Scene Maker Q+A: New director puts out fire for Twin Cities Jazz Festival

Dayna Martinez handled the emergency situation calmly, especially as first-year executive director of the 26th Twin Cities Jazz Festival.

Master violinist Regina Carter had to cancel because of a repetitive stress injury just four weeks before the festival, set for June 21-22.

Martinez, a former longtime executive at the Ordway Center for Performing Arts, knew what to do. In a recent interview, she explained her moves as well as other things about the $500,000, free-admission festival featuring more than 80 acts in various venues. Here are excerpts.

Q: How did you deal with the Regina Carter cancellation?

A: It was pretty quick. Regina's agent let me know so I asked the agent for suggestions she might have on her roster. She came up with Kandace Springs [a singer/pianist]. I heard Kandace did well at the Milwaukee jazz fest and she's been to the Dakota a few times. I thought about it for a little bit and then I thought Kandace would help with the variety of the lineup this year. The agent contacted me [about Carter] before we went to print on our signage and all that. I hope Regina can heal quickly and I'd love to bring her back next year.

Q: You had a year in which you shadowed founder and executive director Steve Heckler. So how is the job different than what you expected?

A: It's pretty much how I pictured. No surprises, right? I knew I'd be fundraising but I didn't know I'd be so worried about it all the time. I didn't realize I'd meet so many people because of fundraising. I want to start going to other jazz festivals and learn how they do it.

I've got a great team that's been doing the sponsorships for jazz fest for a while. With grants, I'm a lot more directly involved. I kind of like it. It's a lot of details. And I'm learning more how the Legacy Amendment works and how the legislative session works. We received an appropriation from the state for next year.

Q: How often have you had to call Steve Heckler with a question?

A: He's on my speed dial. I always have questions for him. He's happy to help. He's on our emeritus board. There are certain logistical questions that only he has the answer for. For example, we have to hood parking meters around Mears Park and why he hoods this many meters. I asked him about the production schedule [like] when to bring in the piano; Schmitt [Music] lends us two grand pianos.

Q: How many paid staffers do you have? How many volunteers?

A: All the professional artists are paid [not the student musicians]. I have quite a crew that comes in for those couple of days, about 30 people, not including the stage and sound companies and security and police. About 100 volunteers, working the bars and being ambassadors and greeters.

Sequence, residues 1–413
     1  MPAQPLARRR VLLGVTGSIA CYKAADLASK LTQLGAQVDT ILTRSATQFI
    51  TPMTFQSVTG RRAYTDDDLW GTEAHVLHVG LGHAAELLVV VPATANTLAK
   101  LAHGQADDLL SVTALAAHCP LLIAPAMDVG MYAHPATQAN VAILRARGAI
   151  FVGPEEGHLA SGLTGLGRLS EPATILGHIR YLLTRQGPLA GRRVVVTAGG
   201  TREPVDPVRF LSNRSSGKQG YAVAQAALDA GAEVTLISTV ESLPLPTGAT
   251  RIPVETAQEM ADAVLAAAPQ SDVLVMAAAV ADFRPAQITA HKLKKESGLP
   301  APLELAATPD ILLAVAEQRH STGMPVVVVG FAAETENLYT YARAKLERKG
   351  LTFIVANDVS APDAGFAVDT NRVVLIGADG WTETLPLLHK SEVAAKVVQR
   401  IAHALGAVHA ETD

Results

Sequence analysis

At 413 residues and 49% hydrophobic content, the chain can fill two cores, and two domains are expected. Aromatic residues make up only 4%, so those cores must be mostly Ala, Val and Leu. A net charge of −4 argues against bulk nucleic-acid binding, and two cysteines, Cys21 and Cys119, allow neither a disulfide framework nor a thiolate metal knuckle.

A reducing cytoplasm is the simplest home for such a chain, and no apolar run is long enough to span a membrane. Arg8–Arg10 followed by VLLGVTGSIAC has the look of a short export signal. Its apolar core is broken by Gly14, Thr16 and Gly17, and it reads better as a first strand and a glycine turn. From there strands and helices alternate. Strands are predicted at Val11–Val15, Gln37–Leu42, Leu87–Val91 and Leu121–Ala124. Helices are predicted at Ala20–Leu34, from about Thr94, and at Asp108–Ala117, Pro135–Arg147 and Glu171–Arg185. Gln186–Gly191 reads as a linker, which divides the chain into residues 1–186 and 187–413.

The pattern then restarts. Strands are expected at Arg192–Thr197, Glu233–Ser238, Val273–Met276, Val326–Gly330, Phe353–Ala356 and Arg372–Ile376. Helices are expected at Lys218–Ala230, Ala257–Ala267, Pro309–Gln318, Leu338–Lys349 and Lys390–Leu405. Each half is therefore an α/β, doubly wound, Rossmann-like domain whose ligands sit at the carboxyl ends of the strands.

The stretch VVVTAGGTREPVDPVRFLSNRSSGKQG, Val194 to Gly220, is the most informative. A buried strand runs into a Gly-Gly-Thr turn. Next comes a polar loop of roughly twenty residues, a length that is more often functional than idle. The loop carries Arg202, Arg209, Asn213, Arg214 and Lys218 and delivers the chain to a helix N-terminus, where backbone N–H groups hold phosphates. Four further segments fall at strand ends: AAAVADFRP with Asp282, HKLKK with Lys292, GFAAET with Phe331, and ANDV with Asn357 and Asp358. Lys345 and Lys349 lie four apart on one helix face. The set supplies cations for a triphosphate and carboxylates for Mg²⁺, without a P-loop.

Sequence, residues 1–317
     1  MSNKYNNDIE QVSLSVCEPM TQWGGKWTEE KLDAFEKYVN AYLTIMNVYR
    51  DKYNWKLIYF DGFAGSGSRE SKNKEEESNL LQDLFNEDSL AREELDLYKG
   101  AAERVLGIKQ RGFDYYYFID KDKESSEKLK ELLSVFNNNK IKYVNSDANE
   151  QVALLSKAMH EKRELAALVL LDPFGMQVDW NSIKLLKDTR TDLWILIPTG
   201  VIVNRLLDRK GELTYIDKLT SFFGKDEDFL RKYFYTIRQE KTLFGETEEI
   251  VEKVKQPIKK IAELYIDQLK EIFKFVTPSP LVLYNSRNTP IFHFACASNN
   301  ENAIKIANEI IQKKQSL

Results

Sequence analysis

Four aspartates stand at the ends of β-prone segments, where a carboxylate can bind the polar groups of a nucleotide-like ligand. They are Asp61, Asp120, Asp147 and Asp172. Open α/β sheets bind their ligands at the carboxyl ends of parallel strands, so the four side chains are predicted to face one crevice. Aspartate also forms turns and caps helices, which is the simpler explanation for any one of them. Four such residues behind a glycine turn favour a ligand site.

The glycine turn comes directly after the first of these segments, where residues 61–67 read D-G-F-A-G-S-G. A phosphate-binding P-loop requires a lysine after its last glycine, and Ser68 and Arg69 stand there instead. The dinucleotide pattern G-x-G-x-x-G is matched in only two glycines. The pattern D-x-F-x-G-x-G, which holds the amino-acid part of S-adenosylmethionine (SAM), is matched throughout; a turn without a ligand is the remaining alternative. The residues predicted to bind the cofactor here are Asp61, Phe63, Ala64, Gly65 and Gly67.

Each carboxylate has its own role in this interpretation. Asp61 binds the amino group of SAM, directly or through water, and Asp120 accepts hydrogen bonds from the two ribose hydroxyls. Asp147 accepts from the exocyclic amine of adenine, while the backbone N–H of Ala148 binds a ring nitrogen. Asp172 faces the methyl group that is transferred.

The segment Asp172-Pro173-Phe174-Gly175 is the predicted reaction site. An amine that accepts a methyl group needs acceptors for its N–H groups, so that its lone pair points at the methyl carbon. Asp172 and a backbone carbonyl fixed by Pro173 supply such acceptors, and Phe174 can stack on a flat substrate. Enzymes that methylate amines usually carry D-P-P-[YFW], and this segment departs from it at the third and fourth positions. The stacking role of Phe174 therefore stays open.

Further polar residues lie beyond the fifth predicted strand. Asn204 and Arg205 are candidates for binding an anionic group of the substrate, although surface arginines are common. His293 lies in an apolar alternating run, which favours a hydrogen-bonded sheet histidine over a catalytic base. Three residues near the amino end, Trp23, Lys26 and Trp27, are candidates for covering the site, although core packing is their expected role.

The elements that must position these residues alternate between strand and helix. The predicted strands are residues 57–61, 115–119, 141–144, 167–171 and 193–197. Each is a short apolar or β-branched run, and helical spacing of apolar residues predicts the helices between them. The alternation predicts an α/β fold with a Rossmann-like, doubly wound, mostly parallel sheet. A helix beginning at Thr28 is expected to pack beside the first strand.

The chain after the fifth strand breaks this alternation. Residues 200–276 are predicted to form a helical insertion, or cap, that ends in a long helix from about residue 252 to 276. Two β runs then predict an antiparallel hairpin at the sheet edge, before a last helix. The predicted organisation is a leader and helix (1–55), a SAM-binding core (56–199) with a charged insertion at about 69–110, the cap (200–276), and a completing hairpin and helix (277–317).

Q: How did your experiences at the Ordway prepare you for this job?

A: I did a whole lot of different jobs there in 25 years. I worked in fundraising, the box office, I was the contract manager, I worked in programming. Definitely the contract work was invaluable. That probably helped me in replacing Regina Carter, too. At the Ordway, I developed relationships with agents. I also led the family festival at the Ordway for 10 years. I'm grateful that at the Ordway I had all these different departments working — the marketing department, the production department. Now I'm the sole full-time employee.

Q: What changes would you like to make for next year?

A: I did add a couple of venues in Minneapolis — Cedar Cultural Center, Northrop and Umbra. I would like to get more venues in Minneapolis because it is the Twin Cities Jazz Festival, after all. I'm interested in getting professional jazz musicians into schools. I want to keep the festival free and accessible to folks, with this great community vibe that it has. I'd like to figure out a way to make it easier with parking and transportation. Maybe shuttles like the State Fair has.

Q: What was your first jazz concert?

A: My dad would play jazz and classical music [records] when I was growing up [in Warsaw, Mo.]. I might have seen Dave Brubeck with my dad when I was in college. My dad played Dave Brubeck records and I loved this vibraphonist from Hawaii named Arthur Lyman, his record "Taboo." My dad would listen to jazz versions of Beatles songs. I loved the real Beatles records.

Q: How do you consume your jazz these days?

A: I love live jazz. I go to the Dakota, Crooners and I've been to Berlin a couple times. I live stream. I have CDs still; I listen to them. I'm learning a lot especially about the local scene. I've been going through each instrument of jazz and on Google saying "jazz pianist" and it brings up a long list. Some I'm familiar with. And I'm finding out about people I've never heard of. I'm in vibraphonists right now.

Twin Cities Jazz Festival

Performers: Joe Lovano, Kandace Springs, Karrin Allyson, Stefon Harris and others

When: 4 p.m. June 21, noon June 22

Where: Mears Park in downtown St. Paul and various venues

Admission: Free